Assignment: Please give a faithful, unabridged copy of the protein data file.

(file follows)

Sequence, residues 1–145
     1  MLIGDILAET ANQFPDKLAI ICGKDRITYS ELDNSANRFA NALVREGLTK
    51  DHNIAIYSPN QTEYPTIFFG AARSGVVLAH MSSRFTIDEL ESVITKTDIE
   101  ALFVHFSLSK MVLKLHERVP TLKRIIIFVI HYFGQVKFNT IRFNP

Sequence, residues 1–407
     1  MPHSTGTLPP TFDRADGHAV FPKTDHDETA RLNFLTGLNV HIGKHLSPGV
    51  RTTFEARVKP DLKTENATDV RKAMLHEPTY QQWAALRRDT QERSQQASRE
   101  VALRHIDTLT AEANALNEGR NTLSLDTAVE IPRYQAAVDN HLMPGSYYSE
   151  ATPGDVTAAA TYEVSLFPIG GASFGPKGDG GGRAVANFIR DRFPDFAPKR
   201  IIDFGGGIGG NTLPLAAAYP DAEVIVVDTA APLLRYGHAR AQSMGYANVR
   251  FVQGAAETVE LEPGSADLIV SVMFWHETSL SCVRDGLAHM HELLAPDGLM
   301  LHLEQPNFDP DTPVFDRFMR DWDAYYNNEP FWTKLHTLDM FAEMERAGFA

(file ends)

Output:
Sequence, residues 1–145
     1  MLIGDILAET ANQFPDKLAI ICGKDRITYS ELDNSANRFA NALVREGLTK
    51  DHNIAIYSPN QTEYPTIFFG AARSGVVLAH MSSRFTIDEL ESVITKTDIE
   101  ALFVHFSLSK MVLKLHERVP TLKRIIIFVI HYFGQVKFNT IRFNP

Sequence, residues 1–407
     1  MPHSTGTLPP TFDRADGHAV FPKTDHDETA RLNFLTGLNV HIGKHLSPGV
    51  RTTFEARVKP DLKTENATDV RKAMLHEPTY QQWAALRRDT QERSQQASRE
   101  VALRHIDTLT AEANALNEGR NTLSLDTAVE IPRYQAAVDN HLMPGSYYSE
   151  ATPGDVTAAA TYEVSLFPIG GASFGPKGDG GGRAVANFIR DRFPDFAPKR
   201  IIDFGGGIGG NTLPLAAAYP DAEVIVVDTA APLLRYGHAR AQSMGYANVR
   251  FVQGAAETVE LEPGSADLIV SVMFWHETSL SCVRDGLAHM HELLAPDGLM
   301  LHLEQPNFDP DTPVFDRFMR DWDAYYNNEP FWTKLHTLDM FAEMERAGFA